Pherecydes of Syros and the Occult Roots of Philosophy

Pherecydes of Syros and the Occult Roots of Philosophy

A peculiar self-congratulatory narrative runs throughout contemporary accounts of the history of Western philosophy. According to this narrative, philosophy is, by its very nature, co-extensive with a process of demytholigization. Whereas Greek poets attempted to explain the world mythologically by invoking the unseen operations of gods and spiritual forces, Greek philosophy, on this account, was born through the renunciation of such occult explanations and the desire to explain the natural world exclusively on its own terms (through what can be sensibly perceived). Such accounts take Thales of Miletus to be the progenitor of philosophy, and present him, and the philosophers who came after him, as attempting to fashion a worldview based on reason, not myth, and to explain the natural world through its observable features rather than any kind of unseen spiritual reality. So, for example, the popular Internet Encyclopedia of Philosophy article on the Presocratics maintains:

“Hailing from Miletus in Ionia (modern day Turkey), Thales, Anaximander, and Anaximenes each broke with the poetic and mythological tradition handed down by Hesiod and Homer…. Much of what we know about them suggests that they were protoscientists, concerned with cosmogony… Their cosmogonies and cosmologies are oriented primarily by naturalistic explanations, descriptions, and conjectures, rather than traditional mythology. In other words, the Milesians ostensibly sought to explain the cosmos on its own terms, rather than pointing to the gods as the causes or progenitors of all natural phenomena” (Graham, Presocratics, IEP).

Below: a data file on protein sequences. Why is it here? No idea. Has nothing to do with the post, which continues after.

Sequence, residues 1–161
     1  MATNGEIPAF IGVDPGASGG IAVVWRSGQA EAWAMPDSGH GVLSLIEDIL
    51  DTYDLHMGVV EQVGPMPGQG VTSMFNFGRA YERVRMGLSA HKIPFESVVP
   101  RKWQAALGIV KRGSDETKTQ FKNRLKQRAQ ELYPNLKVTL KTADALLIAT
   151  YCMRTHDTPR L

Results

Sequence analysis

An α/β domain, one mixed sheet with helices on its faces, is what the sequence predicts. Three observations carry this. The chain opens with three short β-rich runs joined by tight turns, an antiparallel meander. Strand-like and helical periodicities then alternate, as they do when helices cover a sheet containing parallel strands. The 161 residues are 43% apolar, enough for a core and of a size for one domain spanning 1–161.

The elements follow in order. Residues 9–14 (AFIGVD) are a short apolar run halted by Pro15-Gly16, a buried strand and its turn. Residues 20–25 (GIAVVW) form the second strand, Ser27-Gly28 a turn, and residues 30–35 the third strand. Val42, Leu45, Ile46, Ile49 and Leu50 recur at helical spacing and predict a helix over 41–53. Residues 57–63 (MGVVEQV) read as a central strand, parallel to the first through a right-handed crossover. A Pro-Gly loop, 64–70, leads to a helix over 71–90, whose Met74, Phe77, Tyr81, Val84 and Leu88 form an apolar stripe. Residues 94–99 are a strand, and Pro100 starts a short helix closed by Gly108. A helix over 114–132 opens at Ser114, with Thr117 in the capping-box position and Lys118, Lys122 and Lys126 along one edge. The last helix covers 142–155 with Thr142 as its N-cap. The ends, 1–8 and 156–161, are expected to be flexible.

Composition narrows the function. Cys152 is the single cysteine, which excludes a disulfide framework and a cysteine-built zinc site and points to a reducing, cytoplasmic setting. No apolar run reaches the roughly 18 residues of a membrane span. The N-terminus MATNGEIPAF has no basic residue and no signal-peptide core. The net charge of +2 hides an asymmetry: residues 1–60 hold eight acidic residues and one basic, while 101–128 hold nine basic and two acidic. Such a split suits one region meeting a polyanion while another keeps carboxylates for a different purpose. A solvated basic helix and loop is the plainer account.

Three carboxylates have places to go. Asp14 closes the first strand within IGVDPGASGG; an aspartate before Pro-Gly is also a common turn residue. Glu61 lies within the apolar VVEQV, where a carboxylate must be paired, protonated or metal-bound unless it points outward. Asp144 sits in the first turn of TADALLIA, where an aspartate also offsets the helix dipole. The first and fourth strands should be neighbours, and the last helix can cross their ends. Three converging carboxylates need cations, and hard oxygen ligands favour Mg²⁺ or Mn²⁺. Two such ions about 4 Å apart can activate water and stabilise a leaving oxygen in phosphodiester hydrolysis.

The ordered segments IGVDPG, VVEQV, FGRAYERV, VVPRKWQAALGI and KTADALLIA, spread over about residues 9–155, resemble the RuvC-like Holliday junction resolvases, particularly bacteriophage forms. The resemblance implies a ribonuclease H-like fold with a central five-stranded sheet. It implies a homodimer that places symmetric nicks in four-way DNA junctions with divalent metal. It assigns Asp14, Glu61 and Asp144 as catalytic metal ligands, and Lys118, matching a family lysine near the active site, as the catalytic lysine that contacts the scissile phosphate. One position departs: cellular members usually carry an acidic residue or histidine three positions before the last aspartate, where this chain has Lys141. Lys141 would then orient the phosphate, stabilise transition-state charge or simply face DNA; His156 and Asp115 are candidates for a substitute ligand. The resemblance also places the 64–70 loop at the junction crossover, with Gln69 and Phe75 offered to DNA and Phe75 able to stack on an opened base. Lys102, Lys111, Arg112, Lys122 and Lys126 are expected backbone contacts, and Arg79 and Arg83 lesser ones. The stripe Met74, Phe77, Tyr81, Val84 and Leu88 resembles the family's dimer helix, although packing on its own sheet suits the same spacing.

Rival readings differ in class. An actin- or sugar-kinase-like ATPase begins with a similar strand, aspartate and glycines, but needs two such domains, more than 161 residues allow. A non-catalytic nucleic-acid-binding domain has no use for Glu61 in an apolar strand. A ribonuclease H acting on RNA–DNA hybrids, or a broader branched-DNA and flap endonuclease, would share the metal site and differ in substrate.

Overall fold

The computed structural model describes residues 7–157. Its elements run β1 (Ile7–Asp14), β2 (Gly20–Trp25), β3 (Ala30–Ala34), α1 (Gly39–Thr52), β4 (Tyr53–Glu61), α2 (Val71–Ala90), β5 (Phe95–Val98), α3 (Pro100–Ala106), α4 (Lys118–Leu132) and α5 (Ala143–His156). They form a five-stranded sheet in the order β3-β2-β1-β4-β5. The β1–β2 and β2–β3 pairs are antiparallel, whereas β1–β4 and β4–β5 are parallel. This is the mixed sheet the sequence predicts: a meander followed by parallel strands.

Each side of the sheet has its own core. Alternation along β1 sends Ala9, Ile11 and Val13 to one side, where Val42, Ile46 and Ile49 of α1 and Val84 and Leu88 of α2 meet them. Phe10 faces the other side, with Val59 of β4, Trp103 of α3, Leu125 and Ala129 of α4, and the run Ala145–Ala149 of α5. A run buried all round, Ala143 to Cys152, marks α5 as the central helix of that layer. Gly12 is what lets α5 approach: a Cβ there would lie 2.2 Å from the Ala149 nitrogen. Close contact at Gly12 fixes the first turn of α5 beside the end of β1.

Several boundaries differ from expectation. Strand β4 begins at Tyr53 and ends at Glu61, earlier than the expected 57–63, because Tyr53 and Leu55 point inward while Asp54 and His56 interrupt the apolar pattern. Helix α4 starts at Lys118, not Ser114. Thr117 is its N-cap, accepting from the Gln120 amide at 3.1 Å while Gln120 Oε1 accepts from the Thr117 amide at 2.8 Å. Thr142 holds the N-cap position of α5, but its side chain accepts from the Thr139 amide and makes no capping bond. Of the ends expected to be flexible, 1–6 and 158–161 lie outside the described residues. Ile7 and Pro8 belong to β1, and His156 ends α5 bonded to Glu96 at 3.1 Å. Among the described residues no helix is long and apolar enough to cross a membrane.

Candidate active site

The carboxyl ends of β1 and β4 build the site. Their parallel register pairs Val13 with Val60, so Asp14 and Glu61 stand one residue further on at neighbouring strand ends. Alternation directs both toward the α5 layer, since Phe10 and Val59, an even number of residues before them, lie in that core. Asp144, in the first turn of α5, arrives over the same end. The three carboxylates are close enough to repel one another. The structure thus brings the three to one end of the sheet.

Or again, in the entry on Ancient Greek philosophy:

“Presocratic thought marks a decisive turn away from mythological accounts towards rational explanations of the cosmos. Indeed, some Presocratics openly criticize and ridicule traditional Greek mythology, while others simply explain the world and its causes in material terms. This is not to say that the Presocratics abandoned belief in gods or things sacred, but there is a definite turn away from attributing causes of material events to gods, and at times a refiguring of theology altogether. The foundation of Presocratic thought is the preference and esteem given to rational thought over mythologizing. This movement towards rationality and argumentation would pave the way for the course of Western thought” (Graham, Ancient Greek Philosophy, IEP).

Here, the practice of philosophy is defined as entailing both the rejection of mythological explanation and the acceptance of a purely naturalistic explanatory project. Yet, despite bolstering the egos of contemporary academic philosophers and helping them to justify their research projects, this account of the origins of Western philosophy is not supported by the historical record. For example, the fragments and testimonia concerning Thales present a much more ambiguous picture than the standard view suggests. I’ll devote a later essay to the ambiguous case of Thales, but, for now, I want to contend that, even if we were to concede that Thales was an essentially a demythologizing thinker, the standard narrative overlooks a historical figure whom some testimonia describe as a rival of Thales who inaugerated an alternative tradition of philosophy:1 Pherecydes of Syros.